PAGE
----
Laura Packard survived a stage IV cancer diagnosis three years ago, but the stack of medical bills she showed off at the Colorado State Capitol on Thursday, March 5, wasn’t for her chemotherapy and radiation treatment.
“These are all of my bills after cancer,” said Packard, a small-business owner and health-care reform activist. “As a part of this bill, I was checked for respiratory viruses — i.e., the flu — and UC Anschutz billed $1,227.11 to check me for the flu. So that’s important information to keep in mind right now.”
Packard and other advocates for health-care reform joined Democratic lawmakers at the Capitol to formally unveil the “Colorado Option,” a proposal for a state-level public option for health insurance that would be available to Coloradans who purchase coverage on the individual market.
“We need more competition,” Packard said. “And we need to make sure the hospitals that are making obscene profits off of patients like me pay their fair share.”
The Colorado Option would be administered by private insurance companies, which would sell the plan alongside their other offerings through Connect for Health Colorado, the “health exchange” established in 2014 as a result of the Affordable Care Act. But its reimbursement rates for hospitals would be capped by state regulators, and insurers would be required to spend 85 percent of premiums directly on patient care. That could save Coloradans up to 20 percent on health-care costs, Democrats said at the announcement, and allow as many as 18,000 who currently lack insurance to get covered.
“We have built a uniquely Colorado solution that provides real support to struggling people, increases competition and ensures our Colorado hospitals will continue to have the resources they need to serve our communities,” said Senator Kerry Donovan, a Democrat from Vail and one of the lead sponsors of House Bill 1349, the legislation that would create the public option. “This is the change we need, and this is the change we promised.”
HB 1349’s introduction follows the passage of preliminary legislation last year that directed state regulators to study the design and implementation of a public option, and it sets up a high-stakes showdown between Democrats and the health-care industry in the final months of the 2020 legislative session. In January, a report released by the state's Department of Health Care Policy and Financing laid blame for skyrocketing health-care costs at the feet of Colorado hospitals, which raked in over $1,500 in profit per patient in 2018, a nearly threefold increase since 2009.
"We've seen record profits for hospital systems at the same time that the cost of care has gone up for working Coloradans," Donovan said. "Every other industry has sacrificed on our path to lowering the cost of health care, and we are bringing hospitals to the table with this bill."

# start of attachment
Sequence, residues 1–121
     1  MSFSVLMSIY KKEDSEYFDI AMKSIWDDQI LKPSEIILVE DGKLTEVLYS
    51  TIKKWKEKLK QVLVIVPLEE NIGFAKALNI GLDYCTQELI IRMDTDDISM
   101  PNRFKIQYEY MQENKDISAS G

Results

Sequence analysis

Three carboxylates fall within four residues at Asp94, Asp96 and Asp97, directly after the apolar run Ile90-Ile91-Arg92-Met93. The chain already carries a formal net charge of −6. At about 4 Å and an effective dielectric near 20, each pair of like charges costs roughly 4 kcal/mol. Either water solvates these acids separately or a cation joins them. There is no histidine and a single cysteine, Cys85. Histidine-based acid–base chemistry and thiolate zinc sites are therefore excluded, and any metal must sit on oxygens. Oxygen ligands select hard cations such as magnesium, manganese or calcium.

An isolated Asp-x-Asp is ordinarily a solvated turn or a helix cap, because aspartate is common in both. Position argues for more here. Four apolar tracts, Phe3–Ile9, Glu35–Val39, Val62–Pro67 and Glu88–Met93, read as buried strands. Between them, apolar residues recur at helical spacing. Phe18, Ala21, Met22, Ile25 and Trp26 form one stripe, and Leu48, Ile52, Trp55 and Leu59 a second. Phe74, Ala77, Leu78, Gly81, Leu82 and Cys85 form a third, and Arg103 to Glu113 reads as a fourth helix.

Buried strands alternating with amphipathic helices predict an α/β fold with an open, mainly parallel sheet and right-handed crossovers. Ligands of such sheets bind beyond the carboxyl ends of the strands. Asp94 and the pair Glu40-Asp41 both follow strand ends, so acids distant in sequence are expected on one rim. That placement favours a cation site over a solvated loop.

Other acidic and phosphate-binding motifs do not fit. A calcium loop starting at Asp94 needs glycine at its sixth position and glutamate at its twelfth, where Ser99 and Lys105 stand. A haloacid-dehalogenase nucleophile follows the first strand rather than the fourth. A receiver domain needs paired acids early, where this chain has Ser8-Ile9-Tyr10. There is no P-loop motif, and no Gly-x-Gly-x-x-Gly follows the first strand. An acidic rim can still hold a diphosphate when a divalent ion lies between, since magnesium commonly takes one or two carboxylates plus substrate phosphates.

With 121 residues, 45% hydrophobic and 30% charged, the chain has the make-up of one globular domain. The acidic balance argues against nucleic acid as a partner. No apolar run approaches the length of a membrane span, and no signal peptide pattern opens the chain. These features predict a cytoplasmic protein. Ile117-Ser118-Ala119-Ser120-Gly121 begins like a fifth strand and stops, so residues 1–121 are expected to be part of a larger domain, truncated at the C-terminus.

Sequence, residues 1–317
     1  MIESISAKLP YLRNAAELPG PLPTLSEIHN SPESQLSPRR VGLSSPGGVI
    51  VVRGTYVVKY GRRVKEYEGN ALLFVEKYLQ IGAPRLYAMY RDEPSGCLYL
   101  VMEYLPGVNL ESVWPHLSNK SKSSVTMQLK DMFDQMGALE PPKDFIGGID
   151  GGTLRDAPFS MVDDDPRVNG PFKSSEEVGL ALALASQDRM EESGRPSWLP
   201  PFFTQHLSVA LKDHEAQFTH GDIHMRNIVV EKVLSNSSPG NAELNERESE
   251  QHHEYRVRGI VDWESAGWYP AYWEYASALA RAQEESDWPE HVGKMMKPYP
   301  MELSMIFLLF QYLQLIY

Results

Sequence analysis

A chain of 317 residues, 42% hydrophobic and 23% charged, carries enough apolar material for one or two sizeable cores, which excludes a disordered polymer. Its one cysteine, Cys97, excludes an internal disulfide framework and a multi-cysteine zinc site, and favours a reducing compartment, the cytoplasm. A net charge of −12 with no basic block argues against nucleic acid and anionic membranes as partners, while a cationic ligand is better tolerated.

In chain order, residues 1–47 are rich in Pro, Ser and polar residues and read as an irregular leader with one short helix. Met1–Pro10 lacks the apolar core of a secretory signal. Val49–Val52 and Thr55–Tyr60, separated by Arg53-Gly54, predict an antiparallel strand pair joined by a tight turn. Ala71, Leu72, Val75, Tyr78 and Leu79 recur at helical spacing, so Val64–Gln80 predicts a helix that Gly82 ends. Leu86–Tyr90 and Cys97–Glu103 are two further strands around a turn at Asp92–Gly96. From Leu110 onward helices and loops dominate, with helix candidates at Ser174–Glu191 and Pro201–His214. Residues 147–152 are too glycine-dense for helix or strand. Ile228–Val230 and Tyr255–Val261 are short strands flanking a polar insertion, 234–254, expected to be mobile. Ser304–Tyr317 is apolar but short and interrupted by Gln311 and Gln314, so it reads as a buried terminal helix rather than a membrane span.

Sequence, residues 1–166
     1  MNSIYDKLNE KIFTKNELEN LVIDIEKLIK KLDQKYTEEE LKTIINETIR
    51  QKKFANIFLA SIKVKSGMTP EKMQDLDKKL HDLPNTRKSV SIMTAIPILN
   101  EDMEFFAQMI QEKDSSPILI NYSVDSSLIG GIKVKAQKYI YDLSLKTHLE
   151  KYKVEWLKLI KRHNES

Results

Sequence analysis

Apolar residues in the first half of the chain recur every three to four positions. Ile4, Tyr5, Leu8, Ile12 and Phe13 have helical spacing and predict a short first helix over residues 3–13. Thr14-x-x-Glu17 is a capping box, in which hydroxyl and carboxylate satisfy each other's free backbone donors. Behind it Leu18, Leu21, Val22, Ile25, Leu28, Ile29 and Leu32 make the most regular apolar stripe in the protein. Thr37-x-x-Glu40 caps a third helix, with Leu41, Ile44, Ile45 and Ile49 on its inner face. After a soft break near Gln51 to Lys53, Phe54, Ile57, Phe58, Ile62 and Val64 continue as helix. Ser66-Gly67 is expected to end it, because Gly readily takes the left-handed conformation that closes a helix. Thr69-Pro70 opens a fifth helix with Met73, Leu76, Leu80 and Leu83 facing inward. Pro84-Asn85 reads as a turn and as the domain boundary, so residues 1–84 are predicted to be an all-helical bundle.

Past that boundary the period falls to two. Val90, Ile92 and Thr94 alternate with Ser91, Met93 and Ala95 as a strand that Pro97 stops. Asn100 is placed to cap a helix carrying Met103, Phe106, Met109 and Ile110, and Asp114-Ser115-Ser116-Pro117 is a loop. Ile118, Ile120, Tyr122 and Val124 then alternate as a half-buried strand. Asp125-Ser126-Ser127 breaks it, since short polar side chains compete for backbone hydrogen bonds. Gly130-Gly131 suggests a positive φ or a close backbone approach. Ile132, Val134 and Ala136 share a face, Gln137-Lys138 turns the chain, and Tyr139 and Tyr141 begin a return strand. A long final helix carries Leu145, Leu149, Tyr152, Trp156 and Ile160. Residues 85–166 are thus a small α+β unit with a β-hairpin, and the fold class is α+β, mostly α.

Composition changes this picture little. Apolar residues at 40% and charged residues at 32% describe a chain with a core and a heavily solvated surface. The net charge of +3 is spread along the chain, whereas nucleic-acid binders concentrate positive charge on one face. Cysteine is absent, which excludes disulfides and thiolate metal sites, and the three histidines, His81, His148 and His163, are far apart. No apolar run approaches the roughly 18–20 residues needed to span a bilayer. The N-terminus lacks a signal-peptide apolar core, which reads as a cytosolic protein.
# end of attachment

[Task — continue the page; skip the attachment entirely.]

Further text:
If passed, the bill would make Colorado just the second state, after Washington, to enact a state-level public option. But first, Democrats will have to overcome a powerful health-industry lobby that has opposed their plan at every turn and came out swinging once again after their announcement.
“Unfortunately, despite bold promises and inflammatory rhetoric, the ‘Colorado Option’ is just a repeat of failed policies," Chris Tholen, president of the Colorado Hospital Association, said in a statement on the bill's introduction. “This proposal is too narrowly focused, paying for all of the promised savings through cuts to hospitals. It largely ignores critical components of the health care system, including insurance and pharmaceutical companies."
Supporters of the public option took pains at the March 5 press conference to portray it as a "public-private partnership" that wouldn't require substantial state investment. The plan's availability on the ACA would promote "competition" and "consumer choice," and help correct a "market failure," said Representative Chris Kennedy, a Democrat from Lakewood.
None of that is likely to satisfy the bill's opponents in the health-care industry, who had already spent hundreds of thousands of dollars this year to oppose the measure even before it was introduced. The opposition has been led in large part by an opaque advocacy group known as Colorado's Health Care Future, which was launched by a national dark-money organization with ties to hospital, insurance and pharmaceutical lobbyists.
The group has blanketed airwaves in Colorado with ads opposing the state option, using language that is nearly identical to that used in its national advertising against far more sweeping proposals like Medicare for All. "We need to build on what’s working in health care, not start over with a government-run system we can’t afford," one ad says. (The Colorado Option, a privately run plan that would only be available to the 8 percent of Coloradans who purchase coverage on the individual market, would do no such thing.)
At the announcement, bill sponsors said that they'll continue to negotiate with hospitals and other industry groups over ways that the public-option proposal can be improved — but stressed that with the high costs of health care continuing to impact so many of their constituents, they won't back down from the bill's core goals.
"This is the issue I hear at the doors: that we must lower the cost of health care, and we must make health care and consumer choice a priority," Donovan said. "No matter where you live, every Coloradan deserves affordable health care, and the Colorado Option is a step in that direction."
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